A significant challenge to regulating the fertility sector is the fast pace of innovation. In her talk entitled ‘What is an add-on, and who gets to decide?’ Anja Bisgaard Pinborg, a specialist in reproductive medicine at Copenhagen University, detailed the difficulties of regulating add-ons safely without stifling the progress of medical research. She explained how the European Society of Human Reproduction and Embryology (ESHRE) is working on a new guideline for regulating add-ons. This guideline includes a very extensive range of tests, treatments and techniques, which reflects the vast and complex offerings of the fertility sector. While Bisgaard Pinborg recognised the obligation of clinics to offer the best treatment to their patients and the strong desires that patients may have to try certain (perhaps more experimental) treatments, she also highlighted that patients should never bear the cost of innovation. Patients, she argued, should not pay for add-ons that are still under development. How fertility patients and professionals navigate the complex world of IVF add-ons is something we have covered extensively in our research publications, workshops and in this blog post on how to best support patients’ informed decisions.

Further examples of how the law and regulation lag behind change were raised by Emily Jackson later in the day. Jackson set out how definitions of ‘mother’ in UK fertility law do not easily apply to the new social and family formations that are enabled though reproductive technologies. Currently, the legal definition of mother is defined in terms of who physically gives birth to a child. One of the examples presented by Jackson involved the case of a child that has two female parents at birth. In this case, the person who gives birth is the mother and the partner is the second legal parent. This is also the case when the partner’s egg was used in the IVF treatment. Interestingly in this case, as Jackson pointed out, the second parent is actually the child’s closer genetic relation. Fatherhood on the other hand, is expressed in both genetic and social terms, which allows for greater flexibility and choice in how fatherhood is defined.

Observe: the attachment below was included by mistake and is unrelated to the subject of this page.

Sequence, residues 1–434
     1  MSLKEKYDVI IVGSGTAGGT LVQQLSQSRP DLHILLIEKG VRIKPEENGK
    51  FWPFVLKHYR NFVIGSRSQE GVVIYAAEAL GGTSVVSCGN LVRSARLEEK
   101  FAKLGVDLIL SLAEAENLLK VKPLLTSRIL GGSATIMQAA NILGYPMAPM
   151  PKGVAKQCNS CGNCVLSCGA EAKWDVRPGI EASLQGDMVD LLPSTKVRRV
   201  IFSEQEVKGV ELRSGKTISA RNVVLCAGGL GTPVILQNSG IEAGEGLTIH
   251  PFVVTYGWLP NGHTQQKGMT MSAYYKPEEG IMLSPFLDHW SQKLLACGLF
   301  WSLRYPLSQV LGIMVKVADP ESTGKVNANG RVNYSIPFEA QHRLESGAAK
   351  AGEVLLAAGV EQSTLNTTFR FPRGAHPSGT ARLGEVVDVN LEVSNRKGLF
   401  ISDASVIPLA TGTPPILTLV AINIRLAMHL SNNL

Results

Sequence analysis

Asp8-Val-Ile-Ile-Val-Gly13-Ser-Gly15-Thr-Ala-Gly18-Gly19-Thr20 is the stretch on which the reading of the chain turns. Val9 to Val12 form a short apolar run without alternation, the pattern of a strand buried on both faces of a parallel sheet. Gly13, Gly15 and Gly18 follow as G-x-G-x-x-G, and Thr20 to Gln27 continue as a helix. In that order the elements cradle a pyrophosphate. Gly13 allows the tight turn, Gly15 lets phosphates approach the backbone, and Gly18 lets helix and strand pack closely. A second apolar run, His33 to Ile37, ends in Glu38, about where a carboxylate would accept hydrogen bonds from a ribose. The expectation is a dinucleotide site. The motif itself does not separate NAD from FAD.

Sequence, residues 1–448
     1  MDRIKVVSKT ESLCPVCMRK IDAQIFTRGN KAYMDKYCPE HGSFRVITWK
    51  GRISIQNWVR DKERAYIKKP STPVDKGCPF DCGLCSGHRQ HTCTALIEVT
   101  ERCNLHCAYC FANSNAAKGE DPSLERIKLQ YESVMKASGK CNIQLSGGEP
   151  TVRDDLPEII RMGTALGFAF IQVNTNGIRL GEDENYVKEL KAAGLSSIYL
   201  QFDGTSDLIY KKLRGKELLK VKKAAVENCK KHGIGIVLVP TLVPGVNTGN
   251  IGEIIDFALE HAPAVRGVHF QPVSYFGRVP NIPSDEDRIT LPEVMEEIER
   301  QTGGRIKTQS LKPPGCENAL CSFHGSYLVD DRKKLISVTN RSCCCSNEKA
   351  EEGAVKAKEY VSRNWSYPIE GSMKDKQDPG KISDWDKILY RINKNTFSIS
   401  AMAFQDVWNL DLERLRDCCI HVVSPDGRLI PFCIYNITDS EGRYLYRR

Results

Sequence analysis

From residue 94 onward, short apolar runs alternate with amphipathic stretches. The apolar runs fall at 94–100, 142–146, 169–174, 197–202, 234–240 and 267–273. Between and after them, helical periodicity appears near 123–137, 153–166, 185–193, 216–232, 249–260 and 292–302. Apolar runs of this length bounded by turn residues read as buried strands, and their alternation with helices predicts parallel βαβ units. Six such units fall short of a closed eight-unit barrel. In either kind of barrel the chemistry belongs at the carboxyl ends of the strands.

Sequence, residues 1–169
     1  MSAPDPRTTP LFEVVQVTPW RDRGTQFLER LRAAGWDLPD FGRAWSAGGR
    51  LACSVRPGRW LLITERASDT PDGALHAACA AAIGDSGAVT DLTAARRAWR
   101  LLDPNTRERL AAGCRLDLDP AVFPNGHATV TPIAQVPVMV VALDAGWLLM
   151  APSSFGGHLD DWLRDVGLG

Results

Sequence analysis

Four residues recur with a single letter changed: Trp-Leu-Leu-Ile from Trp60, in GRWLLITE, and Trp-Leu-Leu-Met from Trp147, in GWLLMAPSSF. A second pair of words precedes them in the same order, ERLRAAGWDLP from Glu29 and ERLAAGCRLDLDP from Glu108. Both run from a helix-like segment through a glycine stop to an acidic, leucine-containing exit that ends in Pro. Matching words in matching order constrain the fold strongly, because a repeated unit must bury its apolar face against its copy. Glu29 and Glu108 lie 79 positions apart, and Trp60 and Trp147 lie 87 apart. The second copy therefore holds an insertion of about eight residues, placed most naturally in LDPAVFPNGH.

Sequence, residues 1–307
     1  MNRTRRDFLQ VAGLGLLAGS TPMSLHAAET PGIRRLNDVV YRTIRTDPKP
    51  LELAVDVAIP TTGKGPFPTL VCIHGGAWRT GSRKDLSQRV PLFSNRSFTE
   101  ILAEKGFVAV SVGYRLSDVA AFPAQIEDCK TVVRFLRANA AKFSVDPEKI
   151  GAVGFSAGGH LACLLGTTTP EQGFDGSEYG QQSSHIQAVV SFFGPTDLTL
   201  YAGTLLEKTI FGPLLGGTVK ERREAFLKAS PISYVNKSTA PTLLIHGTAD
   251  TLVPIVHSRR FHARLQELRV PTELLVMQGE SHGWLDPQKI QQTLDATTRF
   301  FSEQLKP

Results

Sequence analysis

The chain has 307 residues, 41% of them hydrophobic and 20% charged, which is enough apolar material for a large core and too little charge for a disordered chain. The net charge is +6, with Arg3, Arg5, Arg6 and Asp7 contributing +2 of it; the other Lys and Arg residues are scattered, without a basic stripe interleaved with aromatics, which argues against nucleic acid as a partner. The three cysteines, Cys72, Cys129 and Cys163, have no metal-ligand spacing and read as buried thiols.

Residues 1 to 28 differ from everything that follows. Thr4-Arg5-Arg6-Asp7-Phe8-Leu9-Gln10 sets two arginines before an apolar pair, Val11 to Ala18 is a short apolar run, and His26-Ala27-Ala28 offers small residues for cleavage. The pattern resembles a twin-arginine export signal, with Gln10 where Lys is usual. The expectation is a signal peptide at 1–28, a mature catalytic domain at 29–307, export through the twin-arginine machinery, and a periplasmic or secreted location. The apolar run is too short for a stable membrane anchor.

Again, this year’s PET conference succeeded in traversing a wide range of perspectives on the most pressing issues confronting the fertility sector right now.

Re.conceive + Remaking the Human Body

At the beginning of May we were delighted to spend an afternoon on Zoom with visual artist Sally Butcher, who is currently working on her Arts Council England funded project re.conceive. Sally approached us a while back to explore some of the synergies between our projects, which in different ways explore how reproduction, fertility and (non-)reproductive bodies are visualised or, sometimes, become invisible. Sally very generously shared some of her work-in-progress with us and we shared details about our research process and findings.

Each member of the research team was able to spend some time with Sally individually, and I include our reflections in our own words below.

Giulia: Sally’s work has inspired our conversation around reproduction in its different forms. We have especially discussed the relationship between medical knowledge, technologies and tools to visualise reproductive body parts or phenomena, and embodied experiences of them. We talked about the role of visual experiences in the construction of dominant narratives of gendered reproductive lives, and about the visibility and invisibility of specific reproductive experiences (for example infertility, miscarriages, abortion). We explored the notions of common and uncommon, known and unknown, expected and unexpected, we discussed how individual experiences relate to standardised measures and protocols and how people adjust and react to these, especially when these intersect with other medical, legal and geographical infrastructures (for example in the context of transnational reproductive travels).


Sally Butcher, Infertile Platitudes of Embodied Emptiness, Sonogram 7/9, Archival Inkjet Digitised Monoprint (2020). Used here with permission from the artist.